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1325 Chromatin Accessibility Identifies Regulatory Elements Predictive of Oncogene Expression in Multiple Myeloma

Program: Oral and Poster Abstracts
Session: 651. Myeloma: Biology and Pathophysiology, excluding Therapy: Poster I
Hematology Disease Topics & Pathways:
multiple myeloma, Diseases, cell regulation, Biological Processes, Plasma Cell Disorders, epigenetics, Lymphoid Malignancies, genomics
Saturday, December 5, 2020, 7:00 AM-3:30 PM

Benjamin G Barwick, PhD1, Vikas A. Gupta, MD, PhD 2, Shannon M Matulis, PhD2*, Jonathan C Patton, B.S.3*, Doris R Powell, MA4*, Yanyan Gu, MD, PhD5*, David L. Jaye, MD6, Karen N Conneely, Ph.D.7*, Yin C Lin, Ph.D.8*, Craig C Hofmeister, MD, MPH9, Ajay Nooka, MD, MPH10, Jonathan J Keats, PhD11, Sagar Lonial, MD12, Paula M Vertino, PhD13* and Larry H. Boise, PhD14

1Winship Cancer Institute / Hematology and Medical Oncology, Emory University, Atlanta, GA
2Winship Cancer Institute/ Hematology and Medical Oncology, Emory University, Atlanta, GA
3Emory Integrated Genomics Core, Emory University, Atlanta, GA
4Hematology and Medical Oncology / Winship Cancer Institute, Emory University, Atlanta, GA
5Emory University Winship Cancer Institute, Atlanta, GA
6Department of Pathology, Emory University, Atlanta, GA
7615 Michael Street, Emory University, Atlanta, GA
8Baylor Scott & White Research Institute, Baylor Institute for Immunology Research, Dallas
9Winship Cancer Institute / Department of Hematology and Medical Oncology, Emory University School of Medicine, Atlanta, GA
10Winship Cancer Institute, Emory University, Atlanta, GA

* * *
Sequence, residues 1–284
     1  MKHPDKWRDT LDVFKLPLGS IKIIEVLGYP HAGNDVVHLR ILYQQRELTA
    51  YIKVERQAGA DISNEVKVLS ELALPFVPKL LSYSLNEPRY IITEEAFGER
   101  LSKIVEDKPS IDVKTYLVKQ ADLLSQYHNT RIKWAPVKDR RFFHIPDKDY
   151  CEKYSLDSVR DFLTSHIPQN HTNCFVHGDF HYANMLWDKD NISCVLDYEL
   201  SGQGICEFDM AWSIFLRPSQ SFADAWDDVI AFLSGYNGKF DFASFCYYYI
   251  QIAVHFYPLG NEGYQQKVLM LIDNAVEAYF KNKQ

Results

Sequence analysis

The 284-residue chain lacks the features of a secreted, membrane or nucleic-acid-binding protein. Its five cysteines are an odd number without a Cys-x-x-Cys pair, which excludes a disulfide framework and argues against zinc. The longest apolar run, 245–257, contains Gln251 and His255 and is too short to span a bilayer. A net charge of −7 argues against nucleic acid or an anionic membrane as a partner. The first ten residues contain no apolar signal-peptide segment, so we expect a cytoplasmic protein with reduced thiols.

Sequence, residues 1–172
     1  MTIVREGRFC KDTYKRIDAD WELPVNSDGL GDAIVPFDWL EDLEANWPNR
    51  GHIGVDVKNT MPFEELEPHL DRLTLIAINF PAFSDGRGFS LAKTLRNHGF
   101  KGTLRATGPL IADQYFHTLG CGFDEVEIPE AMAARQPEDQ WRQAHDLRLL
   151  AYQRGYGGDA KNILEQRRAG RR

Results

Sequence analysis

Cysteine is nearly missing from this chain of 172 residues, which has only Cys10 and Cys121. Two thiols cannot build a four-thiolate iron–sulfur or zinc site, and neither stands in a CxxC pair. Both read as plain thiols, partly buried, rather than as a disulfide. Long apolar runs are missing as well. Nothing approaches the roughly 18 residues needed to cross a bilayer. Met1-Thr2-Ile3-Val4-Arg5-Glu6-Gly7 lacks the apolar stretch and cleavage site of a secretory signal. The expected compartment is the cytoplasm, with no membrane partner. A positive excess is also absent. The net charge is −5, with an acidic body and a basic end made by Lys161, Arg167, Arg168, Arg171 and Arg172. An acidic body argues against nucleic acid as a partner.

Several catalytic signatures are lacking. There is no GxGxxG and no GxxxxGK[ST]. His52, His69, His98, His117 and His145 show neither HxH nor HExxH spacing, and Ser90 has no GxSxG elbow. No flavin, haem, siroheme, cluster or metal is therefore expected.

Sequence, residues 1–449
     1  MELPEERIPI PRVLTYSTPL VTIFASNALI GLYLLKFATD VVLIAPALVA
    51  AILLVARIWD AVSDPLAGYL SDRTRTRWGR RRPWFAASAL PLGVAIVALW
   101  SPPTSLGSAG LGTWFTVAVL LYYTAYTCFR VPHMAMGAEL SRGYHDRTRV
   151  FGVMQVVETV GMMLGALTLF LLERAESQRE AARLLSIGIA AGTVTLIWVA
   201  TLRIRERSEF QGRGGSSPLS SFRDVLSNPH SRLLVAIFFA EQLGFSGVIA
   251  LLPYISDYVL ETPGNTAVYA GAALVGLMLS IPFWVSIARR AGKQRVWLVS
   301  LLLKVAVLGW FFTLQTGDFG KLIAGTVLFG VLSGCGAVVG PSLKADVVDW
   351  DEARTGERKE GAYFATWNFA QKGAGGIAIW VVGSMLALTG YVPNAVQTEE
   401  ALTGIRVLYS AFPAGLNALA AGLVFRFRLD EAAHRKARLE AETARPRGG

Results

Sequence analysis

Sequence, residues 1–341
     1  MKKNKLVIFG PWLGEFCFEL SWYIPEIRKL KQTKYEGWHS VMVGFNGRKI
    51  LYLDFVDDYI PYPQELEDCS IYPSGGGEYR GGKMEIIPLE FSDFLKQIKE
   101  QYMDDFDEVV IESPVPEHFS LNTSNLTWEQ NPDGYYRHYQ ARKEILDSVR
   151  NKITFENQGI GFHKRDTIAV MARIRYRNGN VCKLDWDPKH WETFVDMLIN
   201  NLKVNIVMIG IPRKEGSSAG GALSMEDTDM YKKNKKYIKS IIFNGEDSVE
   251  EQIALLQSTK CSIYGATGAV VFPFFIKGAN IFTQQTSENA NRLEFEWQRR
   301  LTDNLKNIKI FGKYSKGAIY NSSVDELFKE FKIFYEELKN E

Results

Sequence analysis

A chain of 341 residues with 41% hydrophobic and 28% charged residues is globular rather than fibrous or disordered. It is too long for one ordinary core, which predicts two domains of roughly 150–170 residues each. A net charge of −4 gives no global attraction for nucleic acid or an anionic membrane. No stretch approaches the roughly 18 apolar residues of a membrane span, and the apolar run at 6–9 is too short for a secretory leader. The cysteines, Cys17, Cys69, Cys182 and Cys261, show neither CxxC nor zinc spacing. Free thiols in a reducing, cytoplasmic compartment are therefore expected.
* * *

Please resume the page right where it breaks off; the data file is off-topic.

11Translational Genomics Research Institute, Phoenix, AZ
12Department of Hematology and Medical Oncology, Emory University - Winship Cancer Institute, Atlanta, GA
13Department of Biomedical Genetics, University of Rochester Medical Center, Atlanta, GA
14Emory University, Atlanta, GA


Extensive genomic characterization of multiple myeloma has identified subtypes with prognostic and therapeutic implications. In contrast, less is known about the myeloma epigenome. One challenge that has hindered epigenetic studies are assays amenable to biobanked specimens. Here, we sought to determine whether ATAC-seq and RNA-seq of myeloma cells from cryopreserved bone marrow aspirates recapitulated those from fresh samples and used this approach to investigate enhancers of myeloma oncogenes.


Consent and collection of specimens followed approved Institutional Review Board protocols. Mononuclear cells were enrichment by Ficoll gradient centrifugation and were either cryopreserved in 10% DMSO and RPMI media with 10% FBS or used to isolate viable CD138+CD38+ myeloma cells. RNA-seq used the mRNA HyperPrep kit (Kapa Biosystems) with RNA from 50,000 cells. ATAC-seq used the Tn5 transposase (Illumina) on 20,000 cells. Sequencing was performed on an HiSeq 4000 (Illumina). Sequencing data were quality and adapter trimmed using Trim Galore! And mapped to the GRCh37 genome using STAR (RNA-seq) or bowtie2 (ATAC-seq). MACS2 was used to determine chromatin accessible regions and R was used for downstream analyses. H3K27ac ChIP-seq from Jin et al. (Blood, 2018) were downloaded from the European nucleotide archive (PRJEB25605). RNA-seq from CoMMpass (NCT01454297) were downloaded from dbGaP phs000748.v7.p4. Enhancer RNAs were interrogated in intergenic regions excluding 500 bp upstream of TSSs and 5 kb downstream of transcription termination sites to avoid contamination from exonic mRNAs or intronic pre-mRNAs.


We compared RNA-seq and ATAC-seq data from myeloma cells isolated from fresh bone marrow aspirates to those cryopreserved for up to 6 months from the same aspirate. RNA-seq and ATAC-seq data from fresh and frozen samples from the same aspirate were highly correlated with each other but distinct from other samples as depicted by principal component analysis (Fig. A,B). Inspection of CCND1 showed high levels of RNA in two patients and this was consistent in both fresh and frozen specimens as well as with FISH results indicating a t(11;14) translocation in these samples (Fig. C). Similarly, fresh and frozen specimens from the same patient showed consistent expression for CCND2 and MYC and these data corresponded with chromatin accessibility found near these genes (Fig. D, see regions shaded in gray).